The beautiful message of Christianity is that we—mankind—have someone to Mind the Gap for us. Rather than standing a guilty distance from God because of our sins, we have a Savior—Jesus Christ—who sits at God’s right hand, ever interceding on behalf of His obedient children. May we ever show our deep, abiding gratitude by living a life devoted to Him and His Great Cause.
“There is also an antitype which now saves us—baptism (not the removal of the filth of the flesh, but the answer of a good conscience toward God), through the resurrection of Jesus Christ” (1 Peter 3:21).
Peter has just explained the significance of the ark in the days of Noah and here compares it with baptism in the Christian Age. The ark saved those who chose to get on board back then just as baptism in water saves those who submit to it today.
He further explains that it is not the taking of a bath, but it is the answer of a good conscience toward God—the only way a person can have a good conscience toward God is when he does what God has commanded.
And this process of salvation can take place only because Jesus conquered death when he was resurrected from the grave by the power of God—for salvation to be offered, Jesus had to die, be buried, and be resurrected. Today, when a person submits to baptism in water, he or she symbolically reenacts this process. Peter says baptism, then, saves us.
“Now as they went down the road, they came to some water. And the eunuch said, ‘See, here is water. What hinders me from being baptized?’ Then Philip said, ‘If you believe with all your heart, you may.’ And he answered and said, ‘I believe that Jesus Christ is the Son of God.’ So he commanded the chariot to stand still. And both Philip and the eunuch went down into the water, and he baptized him” (Acts 8:36-38).
The evangelist Philip has joined the Ethiopian traveling along the road from Jerusalem to Gaza and has preached “Jesus” to him. As a result of this teaching, the Ethiopian knows he needs “belief” in Jesus and “water” for salvation.
Philip tells him what he still lacks before he can be baptized: expression of faith. The Ethiopian shows his desire to change his life (that is, repent) as he states his faith in Jesus as God’s Son, and Philip baptizes him. This classic account from the beginning days of Christianity presents a solid illustration for actions every person must take if he or she desires salvation.
Jesus has given His life on the cross—He shed His blood—to validate this plan for all mankind. And this is the plan to which God expects us to submit if we want forgiveness and assurance of salvation—that is, an eternal home in heaven.
“Repent therefore of this your wickedness, and pray God if perhaps the thought of your heart may be forgiven you” (Acts 8:22).
Simon, known as the sorcerer in Samaria, has become a Christian through faithful obedience to the plan of salvation, culminating in his being baptized for the remission of sins.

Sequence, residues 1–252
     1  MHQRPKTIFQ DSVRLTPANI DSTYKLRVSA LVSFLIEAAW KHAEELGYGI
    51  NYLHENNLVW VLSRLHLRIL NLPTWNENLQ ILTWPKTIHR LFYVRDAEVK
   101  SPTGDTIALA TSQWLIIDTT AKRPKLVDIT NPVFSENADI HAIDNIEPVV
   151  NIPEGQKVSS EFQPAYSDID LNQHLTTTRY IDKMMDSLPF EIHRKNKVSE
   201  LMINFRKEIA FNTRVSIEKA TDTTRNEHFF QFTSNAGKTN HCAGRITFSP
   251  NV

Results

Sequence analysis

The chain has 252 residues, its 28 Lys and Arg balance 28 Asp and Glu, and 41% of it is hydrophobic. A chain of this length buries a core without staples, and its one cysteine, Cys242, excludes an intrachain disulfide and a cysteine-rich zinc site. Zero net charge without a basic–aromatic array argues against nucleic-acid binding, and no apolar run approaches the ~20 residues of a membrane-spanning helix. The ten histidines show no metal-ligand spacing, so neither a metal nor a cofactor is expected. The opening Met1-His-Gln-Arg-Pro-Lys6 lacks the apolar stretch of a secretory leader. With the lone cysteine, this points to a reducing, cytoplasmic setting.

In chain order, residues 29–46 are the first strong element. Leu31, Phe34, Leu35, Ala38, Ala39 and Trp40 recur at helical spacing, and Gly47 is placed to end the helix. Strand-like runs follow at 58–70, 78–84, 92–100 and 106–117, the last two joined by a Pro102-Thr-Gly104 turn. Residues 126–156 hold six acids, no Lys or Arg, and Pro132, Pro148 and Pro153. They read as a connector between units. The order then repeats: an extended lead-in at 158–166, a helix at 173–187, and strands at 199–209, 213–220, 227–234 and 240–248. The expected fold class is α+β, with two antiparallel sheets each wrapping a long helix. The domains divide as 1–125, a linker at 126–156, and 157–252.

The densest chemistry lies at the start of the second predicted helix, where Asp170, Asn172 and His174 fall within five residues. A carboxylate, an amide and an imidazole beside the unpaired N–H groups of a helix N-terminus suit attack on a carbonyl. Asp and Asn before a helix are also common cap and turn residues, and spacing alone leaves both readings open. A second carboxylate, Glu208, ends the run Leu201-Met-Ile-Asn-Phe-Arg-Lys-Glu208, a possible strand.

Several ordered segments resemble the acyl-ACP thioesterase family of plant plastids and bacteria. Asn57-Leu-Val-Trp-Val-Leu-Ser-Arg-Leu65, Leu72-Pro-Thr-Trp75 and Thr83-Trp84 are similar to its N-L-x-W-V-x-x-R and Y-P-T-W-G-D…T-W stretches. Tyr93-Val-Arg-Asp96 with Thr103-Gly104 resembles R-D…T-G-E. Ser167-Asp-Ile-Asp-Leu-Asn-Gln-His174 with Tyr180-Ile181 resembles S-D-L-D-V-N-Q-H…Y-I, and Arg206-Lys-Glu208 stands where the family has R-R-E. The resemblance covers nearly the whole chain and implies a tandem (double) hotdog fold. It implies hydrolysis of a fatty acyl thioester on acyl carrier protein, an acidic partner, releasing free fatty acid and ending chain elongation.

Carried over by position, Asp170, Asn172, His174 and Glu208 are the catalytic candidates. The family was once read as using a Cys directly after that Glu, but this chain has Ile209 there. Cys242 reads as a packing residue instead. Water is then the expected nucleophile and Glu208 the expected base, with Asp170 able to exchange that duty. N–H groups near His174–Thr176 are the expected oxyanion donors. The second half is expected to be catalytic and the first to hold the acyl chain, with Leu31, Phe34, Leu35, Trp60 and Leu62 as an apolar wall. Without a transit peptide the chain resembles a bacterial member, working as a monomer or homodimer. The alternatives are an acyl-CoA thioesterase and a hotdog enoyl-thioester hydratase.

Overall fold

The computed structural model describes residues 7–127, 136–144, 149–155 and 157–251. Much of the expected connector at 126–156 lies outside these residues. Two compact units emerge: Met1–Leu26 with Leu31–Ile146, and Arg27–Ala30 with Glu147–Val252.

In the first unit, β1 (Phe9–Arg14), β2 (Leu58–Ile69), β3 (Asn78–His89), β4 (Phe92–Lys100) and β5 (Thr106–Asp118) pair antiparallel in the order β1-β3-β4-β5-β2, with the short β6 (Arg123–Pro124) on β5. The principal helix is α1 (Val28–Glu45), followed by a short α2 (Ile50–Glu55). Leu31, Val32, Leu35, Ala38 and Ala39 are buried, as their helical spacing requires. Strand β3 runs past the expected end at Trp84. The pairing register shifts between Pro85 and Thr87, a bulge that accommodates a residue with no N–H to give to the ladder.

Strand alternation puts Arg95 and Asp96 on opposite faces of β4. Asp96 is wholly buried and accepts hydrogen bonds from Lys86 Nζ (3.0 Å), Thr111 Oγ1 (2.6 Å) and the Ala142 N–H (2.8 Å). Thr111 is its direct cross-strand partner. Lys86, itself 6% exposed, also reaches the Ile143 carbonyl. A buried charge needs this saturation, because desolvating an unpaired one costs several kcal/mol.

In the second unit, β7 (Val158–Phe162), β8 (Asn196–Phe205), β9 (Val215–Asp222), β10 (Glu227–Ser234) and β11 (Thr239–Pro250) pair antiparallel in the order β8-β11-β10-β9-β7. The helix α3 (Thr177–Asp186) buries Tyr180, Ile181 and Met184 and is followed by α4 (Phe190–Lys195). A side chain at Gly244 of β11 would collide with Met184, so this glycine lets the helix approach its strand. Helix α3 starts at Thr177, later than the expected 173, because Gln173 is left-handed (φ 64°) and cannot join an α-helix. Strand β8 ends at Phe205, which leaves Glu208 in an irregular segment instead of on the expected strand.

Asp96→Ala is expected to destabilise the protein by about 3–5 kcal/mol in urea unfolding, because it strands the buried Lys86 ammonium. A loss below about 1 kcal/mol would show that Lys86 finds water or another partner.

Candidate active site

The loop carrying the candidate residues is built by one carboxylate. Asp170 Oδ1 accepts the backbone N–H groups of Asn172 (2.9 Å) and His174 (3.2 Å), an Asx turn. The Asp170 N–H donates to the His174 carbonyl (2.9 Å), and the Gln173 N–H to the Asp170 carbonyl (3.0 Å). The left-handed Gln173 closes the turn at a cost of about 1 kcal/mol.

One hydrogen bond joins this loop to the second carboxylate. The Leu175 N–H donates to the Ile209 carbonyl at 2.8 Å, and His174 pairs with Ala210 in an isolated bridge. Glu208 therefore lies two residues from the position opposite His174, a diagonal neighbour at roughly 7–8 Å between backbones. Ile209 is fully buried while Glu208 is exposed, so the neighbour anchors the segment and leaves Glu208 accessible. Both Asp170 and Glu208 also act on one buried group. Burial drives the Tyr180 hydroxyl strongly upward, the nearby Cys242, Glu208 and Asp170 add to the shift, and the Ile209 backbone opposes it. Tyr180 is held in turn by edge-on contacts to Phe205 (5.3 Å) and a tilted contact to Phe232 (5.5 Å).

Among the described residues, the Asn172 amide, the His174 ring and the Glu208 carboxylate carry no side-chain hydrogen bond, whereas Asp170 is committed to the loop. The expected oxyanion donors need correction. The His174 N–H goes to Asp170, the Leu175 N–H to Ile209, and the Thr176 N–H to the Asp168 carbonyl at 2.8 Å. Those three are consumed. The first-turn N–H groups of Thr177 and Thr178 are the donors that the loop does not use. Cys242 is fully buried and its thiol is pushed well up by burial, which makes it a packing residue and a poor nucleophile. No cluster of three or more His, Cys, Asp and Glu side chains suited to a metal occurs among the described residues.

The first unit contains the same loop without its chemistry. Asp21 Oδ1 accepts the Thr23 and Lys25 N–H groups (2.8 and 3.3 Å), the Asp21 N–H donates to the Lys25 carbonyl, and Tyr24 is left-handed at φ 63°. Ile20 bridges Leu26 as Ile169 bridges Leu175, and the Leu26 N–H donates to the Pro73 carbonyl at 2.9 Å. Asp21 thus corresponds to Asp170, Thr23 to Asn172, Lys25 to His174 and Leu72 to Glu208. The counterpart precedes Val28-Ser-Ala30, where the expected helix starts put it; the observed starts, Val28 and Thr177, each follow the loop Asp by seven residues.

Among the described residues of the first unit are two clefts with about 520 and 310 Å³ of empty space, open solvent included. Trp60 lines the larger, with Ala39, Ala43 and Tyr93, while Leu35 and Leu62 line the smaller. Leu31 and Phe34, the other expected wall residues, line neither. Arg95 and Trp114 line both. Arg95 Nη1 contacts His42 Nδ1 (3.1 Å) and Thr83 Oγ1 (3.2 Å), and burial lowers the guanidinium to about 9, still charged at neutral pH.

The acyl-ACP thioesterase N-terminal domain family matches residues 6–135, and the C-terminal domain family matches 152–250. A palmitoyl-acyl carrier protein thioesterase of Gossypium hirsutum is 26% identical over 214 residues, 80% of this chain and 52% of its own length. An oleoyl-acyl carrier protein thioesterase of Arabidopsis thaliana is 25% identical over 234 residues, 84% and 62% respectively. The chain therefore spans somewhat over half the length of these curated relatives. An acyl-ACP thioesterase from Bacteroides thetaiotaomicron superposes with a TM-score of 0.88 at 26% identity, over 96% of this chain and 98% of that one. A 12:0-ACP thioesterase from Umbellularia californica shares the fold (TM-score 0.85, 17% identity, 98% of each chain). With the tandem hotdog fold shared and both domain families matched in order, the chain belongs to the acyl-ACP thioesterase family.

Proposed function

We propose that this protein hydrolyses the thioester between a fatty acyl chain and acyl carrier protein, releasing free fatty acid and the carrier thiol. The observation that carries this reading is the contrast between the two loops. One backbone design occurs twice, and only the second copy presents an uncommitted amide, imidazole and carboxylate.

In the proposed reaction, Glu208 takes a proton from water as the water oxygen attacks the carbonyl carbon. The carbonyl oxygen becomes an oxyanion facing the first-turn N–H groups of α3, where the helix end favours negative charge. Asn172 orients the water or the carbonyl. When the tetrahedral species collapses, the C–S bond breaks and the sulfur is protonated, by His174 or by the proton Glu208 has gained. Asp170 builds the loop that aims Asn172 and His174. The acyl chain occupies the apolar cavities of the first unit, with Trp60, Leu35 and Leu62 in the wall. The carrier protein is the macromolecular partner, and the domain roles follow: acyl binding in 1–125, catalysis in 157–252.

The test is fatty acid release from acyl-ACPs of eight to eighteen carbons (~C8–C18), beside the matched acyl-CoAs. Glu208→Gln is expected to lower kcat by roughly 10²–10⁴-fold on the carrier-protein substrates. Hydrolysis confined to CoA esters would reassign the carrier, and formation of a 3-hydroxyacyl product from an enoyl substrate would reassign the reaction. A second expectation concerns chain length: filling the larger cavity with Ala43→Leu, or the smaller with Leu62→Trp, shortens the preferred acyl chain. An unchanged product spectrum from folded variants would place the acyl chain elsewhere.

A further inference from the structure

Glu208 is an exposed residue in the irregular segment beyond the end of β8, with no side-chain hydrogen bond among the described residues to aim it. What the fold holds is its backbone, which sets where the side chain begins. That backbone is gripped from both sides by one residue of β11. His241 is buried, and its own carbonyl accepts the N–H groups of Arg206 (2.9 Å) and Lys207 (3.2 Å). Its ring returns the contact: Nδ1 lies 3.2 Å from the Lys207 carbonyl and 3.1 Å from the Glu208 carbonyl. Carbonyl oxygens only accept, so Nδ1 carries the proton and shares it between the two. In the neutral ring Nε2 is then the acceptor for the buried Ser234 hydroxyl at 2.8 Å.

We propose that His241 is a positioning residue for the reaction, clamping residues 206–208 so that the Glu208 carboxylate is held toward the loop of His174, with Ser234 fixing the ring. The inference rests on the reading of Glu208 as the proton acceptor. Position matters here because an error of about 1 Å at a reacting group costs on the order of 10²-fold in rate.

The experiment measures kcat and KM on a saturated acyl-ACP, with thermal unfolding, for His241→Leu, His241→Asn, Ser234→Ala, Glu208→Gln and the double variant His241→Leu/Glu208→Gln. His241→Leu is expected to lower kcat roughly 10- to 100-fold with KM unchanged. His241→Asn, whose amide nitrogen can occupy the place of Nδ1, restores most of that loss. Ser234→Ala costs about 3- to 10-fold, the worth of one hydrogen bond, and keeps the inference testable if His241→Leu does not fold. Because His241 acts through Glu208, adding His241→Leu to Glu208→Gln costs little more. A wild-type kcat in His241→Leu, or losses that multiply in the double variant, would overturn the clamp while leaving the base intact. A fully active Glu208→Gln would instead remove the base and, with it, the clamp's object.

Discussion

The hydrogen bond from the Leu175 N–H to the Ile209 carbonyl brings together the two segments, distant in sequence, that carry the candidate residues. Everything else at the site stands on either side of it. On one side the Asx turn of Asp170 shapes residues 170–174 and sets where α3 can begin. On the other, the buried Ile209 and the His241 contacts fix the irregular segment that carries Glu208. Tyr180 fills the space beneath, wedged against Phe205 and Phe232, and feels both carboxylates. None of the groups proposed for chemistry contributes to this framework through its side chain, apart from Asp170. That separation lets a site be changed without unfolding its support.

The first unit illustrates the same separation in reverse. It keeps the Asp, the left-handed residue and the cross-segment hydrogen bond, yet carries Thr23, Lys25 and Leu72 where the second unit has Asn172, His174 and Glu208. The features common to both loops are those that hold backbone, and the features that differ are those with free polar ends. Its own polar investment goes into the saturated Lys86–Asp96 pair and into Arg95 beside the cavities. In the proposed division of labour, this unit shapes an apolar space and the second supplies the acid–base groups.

Soon after his obedience, Simon observes Peter and John exercise the miraculous power given them by the Holy Spirit; he immediately asks if he can buy it, thus, sinning. The Apostle Peter speaks the words in this text to him as a remedy for the sin he has just committed. This passage shows that believers can sin.
When obeying the gospel, we confess our faith in Jesus as the Son of God. When we sin after our obedience, we pray that God will forgive us or we ask a fellow Christian to pray for us; thus, God’s plan allows us every opportunity to maintain a faithful relationship with Him.
“For with the heart one believes unto righteousness, and with the mouth confession is made unto salvation” (Romans 10:10)
Scriptures throughout the New Testament attest that confession is an essential part of the process of conversion. As with faith, it is not the only part as both faith and confession are described as steps that take place as one goes toward salvation.
Before we can confess, we must believe in God and in Jesus as the Son of God. With such faith, a person has a solid foundation for deciding to change from his former life and live in the way Jesus instructs, for telling others about this new-found faith, and for submitting to the watery grave as the final act of obedience of the gospel. Then, Peter says in Acts, the Lord adds that person to His church.
Initially, we are not to confess our sins—rather, we are to confess our faith: “I believe that Jesus Christ is the Son of God.” This is the confession the Ethiopian made to the evangelist Philipp as he traveled on the road from Jerusalem to Gaza. Then, Philipp baptized him, and he continued on his journey rejoicing.
Fifth and final in a series of studies in 1 Peter 2:1-5
“You also, as living stones, are being built up a spiritual house, a holy priesthood, to offer up spiritual sacrifices acceptable to God through Jesus Christ” (1 Peter 2:5).
Not only is Jesus Christ a “Living Stone,” those who follow Him are also living stones, not of our own worthiness but because of our attachment to Him. Peter continues the metaphor of a building as he describes those who belong to Jesus.
This same group of believers forms “a holy priesthood,” moving his imagery from a physical temple to a spiritual one and, at the same time, providing a contrast with the Old Testament arrangement. “Holy” means “set apart for a special purpose,” and “priesthood” designates all baptized believers who make up the new spiritual temple under the New Covenant.
The purpose of “priests” under the Old Covenant was to offer physical sacrifices on behalf of all of God’s people; the purpose of “priests” under the New Covenant is to offer spiritual sacrifices—that is, for each believer to perform this function individually by giving his or her own life as a “living sacrifice.”
And God accepts our spiritual sacrifices, not because they make us worthy nor because He is required to, but because His Son and our precious Savior, Jesus the Christ, made acceptable whatever we do in the name of the Lord and according to His will. His supreme sacrifice sealed our acceptance by the Father.